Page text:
Swingfield Preceptory

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Swingfield Preceptory


St Johns Commandery, near Densole, Kent - geograph.org.uk - 41649.jpg
St Johns Commandery
Grid reference: TR23234402
Location: 51°9’6"N, 1°11’26"E
Order: Knights Hospitaller
Built 13th Century
Owned by: English Heritage
Website: St John's Commandery

Swingfield Preceptory, otherwise known as St John's Commandery, Swingfield was a priory in Kent belonging in the Middle Ages to the Order of the Knights of the Hospital of St John of Jerusalem, known as the Knights Hospitallers; Swingfield was one of several preceptories which supplied the Order with funds for its holy work of protecting pilgrims in the Holy Land and slaying Saracens and Turks.

The priory stood about 5 miles north of Folkestone in Kent. It was seized by the Crown at the Reformation, as the Order was dissolved in England as part of the Dissolution of the Monasteries under King Henry VIII. Today the commandery in the care of English Heritage.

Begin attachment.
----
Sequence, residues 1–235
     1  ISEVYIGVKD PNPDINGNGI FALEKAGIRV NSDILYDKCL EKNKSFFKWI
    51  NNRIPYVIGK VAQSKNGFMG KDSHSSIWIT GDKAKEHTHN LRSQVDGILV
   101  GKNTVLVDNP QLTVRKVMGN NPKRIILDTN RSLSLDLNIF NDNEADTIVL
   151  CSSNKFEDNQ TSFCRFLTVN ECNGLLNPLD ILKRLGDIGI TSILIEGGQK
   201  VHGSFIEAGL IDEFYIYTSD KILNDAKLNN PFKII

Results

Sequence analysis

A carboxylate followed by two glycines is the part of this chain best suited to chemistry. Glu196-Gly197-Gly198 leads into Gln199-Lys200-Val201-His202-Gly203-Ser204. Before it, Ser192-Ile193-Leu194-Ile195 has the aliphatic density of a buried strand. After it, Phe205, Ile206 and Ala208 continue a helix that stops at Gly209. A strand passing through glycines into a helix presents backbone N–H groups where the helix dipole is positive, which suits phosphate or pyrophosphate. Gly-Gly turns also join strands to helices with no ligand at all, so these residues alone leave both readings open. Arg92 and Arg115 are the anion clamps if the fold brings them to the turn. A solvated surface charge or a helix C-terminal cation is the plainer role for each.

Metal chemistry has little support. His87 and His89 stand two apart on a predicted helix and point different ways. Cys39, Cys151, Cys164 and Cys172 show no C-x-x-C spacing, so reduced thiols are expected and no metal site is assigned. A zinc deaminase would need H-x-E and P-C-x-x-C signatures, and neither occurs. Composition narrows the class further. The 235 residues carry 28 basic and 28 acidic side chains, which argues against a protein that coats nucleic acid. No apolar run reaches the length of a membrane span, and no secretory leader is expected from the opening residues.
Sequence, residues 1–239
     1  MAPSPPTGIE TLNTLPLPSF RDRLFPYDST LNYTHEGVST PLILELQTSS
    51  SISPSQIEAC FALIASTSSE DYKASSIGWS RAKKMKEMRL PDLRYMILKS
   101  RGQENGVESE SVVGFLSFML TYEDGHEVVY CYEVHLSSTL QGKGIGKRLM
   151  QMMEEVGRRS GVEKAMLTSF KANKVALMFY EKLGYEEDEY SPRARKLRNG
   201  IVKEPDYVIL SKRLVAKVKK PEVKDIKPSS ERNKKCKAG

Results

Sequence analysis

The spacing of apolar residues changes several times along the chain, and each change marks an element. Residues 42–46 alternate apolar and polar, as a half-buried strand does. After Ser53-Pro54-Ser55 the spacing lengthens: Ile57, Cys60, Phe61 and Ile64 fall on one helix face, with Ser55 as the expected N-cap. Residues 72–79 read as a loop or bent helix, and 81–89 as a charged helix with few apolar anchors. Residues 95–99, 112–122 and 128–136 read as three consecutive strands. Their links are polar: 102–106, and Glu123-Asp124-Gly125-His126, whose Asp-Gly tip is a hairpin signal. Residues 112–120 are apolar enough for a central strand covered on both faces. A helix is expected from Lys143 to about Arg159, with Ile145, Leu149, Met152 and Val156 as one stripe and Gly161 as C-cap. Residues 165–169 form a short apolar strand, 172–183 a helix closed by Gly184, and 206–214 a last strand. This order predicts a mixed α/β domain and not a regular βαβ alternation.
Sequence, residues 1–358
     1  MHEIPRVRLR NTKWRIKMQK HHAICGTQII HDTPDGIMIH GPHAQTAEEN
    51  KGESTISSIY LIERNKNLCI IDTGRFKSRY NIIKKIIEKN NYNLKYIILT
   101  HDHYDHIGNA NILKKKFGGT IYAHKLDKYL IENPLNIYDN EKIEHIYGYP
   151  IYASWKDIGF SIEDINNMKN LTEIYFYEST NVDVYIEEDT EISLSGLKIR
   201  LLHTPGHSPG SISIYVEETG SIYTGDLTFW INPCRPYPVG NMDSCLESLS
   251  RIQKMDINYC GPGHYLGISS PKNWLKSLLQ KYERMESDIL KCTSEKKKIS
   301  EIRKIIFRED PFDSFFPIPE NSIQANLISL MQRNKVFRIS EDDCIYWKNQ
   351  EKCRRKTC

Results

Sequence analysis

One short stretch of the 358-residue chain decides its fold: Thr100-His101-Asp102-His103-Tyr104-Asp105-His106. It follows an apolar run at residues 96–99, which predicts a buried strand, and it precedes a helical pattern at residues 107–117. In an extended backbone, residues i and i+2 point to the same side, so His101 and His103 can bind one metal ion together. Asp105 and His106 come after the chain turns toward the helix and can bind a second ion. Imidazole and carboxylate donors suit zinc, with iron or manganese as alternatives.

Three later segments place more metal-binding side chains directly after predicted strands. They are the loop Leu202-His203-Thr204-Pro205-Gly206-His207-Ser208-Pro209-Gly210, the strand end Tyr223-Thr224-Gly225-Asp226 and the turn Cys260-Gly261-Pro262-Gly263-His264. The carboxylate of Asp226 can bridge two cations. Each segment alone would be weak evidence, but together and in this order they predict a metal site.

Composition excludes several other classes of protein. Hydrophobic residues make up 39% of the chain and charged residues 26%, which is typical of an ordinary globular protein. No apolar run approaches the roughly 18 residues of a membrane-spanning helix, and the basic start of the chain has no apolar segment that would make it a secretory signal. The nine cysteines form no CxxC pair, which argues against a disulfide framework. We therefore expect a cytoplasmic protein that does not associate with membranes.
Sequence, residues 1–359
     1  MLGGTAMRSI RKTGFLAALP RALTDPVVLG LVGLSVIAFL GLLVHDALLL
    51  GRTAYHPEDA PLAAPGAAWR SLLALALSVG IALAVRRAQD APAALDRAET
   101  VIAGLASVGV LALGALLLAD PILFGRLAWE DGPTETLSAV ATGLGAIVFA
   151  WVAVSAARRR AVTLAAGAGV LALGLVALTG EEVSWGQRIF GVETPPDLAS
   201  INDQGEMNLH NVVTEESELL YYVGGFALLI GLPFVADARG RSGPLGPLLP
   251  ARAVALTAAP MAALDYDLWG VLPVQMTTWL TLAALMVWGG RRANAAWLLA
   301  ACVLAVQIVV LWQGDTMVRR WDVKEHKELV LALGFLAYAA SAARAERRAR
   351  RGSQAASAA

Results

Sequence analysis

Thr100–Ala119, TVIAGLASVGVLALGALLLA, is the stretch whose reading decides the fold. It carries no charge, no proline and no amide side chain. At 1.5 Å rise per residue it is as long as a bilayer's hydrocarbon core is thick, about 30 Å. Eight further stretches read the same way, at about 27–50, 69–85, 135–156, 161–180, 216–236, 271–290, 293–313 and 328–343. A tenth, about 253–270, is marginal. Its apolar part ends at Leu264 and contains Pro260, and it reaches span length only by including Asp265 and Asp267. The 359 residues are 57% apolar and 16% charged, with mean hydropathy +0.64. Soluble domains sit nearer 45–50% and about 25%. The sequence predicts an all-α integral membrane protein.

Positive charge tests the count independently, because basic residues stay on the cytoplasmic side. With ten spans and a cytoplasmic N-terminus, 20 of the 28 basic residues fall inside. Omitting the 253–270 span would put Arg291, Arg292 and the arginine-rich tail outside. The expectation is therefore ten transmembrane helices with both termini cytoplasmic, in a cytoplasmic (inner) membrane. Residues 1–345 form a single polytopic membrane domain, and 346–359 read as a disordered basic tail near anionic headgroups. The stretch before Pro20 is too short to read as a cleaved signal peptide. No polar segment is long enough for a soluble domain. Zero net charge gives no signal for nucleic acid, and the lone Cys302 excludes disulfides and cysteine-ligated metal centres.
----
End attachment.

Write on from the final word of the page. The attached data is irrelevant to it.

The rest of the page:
A nunnery of the Order of St John stood here up to 1180, but in that year the sisters were removed to Buckland Priory in Somerset and the Knights took control of Swingfield, as lords of the manor.[1] The manor served as a preceptory (or 'commandery'), supplying money for the Order's needs.

The commandery was suppressed during the Dissolution of the Monasteries and the state was leased on 16 March 1541 to John Thorgood and Thomas Horseley for twenty-one years.[1] It then passed through many families (including Sir Anthony Aucher, Sir Henry Palmer, of Wingham and Sir Thomas Palmer, 4th Baronet, of Wingham).[2]

The 13th-century St John's Chapel still survives on Swanton Lane and is under the care of English Heritage.


The preceptory was originally built between the 13th and 16th centuries as a farmhouse of flint, which has been knapped in places. It also has stone quoins and dressings.

The west gable end is tile-hung on both floors. The north elevation retains areas of render painted and is scored to resemble red brick in Flemish bond.[3]

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